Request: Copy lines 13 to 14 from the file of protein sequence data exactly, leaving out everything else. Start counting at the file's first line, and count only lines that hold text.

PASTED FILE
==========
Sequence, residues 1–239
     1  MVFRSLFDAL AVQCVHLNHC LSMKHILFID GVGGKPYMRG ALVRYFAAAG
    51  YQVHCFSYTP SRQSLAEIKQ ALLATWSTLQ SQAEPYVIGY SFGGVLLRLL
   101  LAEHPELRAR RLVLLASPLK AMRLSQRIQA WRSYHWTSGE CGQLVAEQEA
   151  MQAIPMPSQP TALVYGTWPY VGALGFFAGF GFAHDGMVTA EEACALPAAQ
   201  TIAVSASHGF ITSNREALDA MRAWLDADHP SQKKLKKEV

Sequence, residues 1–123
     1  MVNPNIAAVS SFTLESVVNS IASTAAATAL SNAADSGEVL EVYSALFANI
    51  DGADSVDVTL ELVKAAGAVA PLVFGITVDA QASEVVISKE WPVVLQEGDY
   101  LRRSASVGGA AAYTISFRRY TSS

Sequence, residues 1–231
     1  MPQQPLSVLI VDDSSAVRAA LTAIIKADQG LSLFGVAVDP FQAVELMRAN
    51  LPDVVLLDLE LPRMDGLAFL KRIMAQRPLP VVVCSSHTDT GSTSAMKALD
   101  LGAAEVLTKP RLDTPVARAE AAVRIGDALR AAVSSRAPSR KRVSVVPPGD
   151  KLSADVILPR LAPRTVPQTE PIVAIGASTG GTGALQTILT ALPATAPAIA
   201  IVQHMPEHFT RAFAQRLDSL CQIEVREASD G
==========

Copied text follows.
    51  LPDVVLLDLE LPRMDGLAFL KRIMAQRPLP VVVCSSHTDT GSTSAMKALD
   101  LGAAEVLTKP RLDTPVARAE AAVRIGDALR AAVSSRAPSR KRVSVVPPGD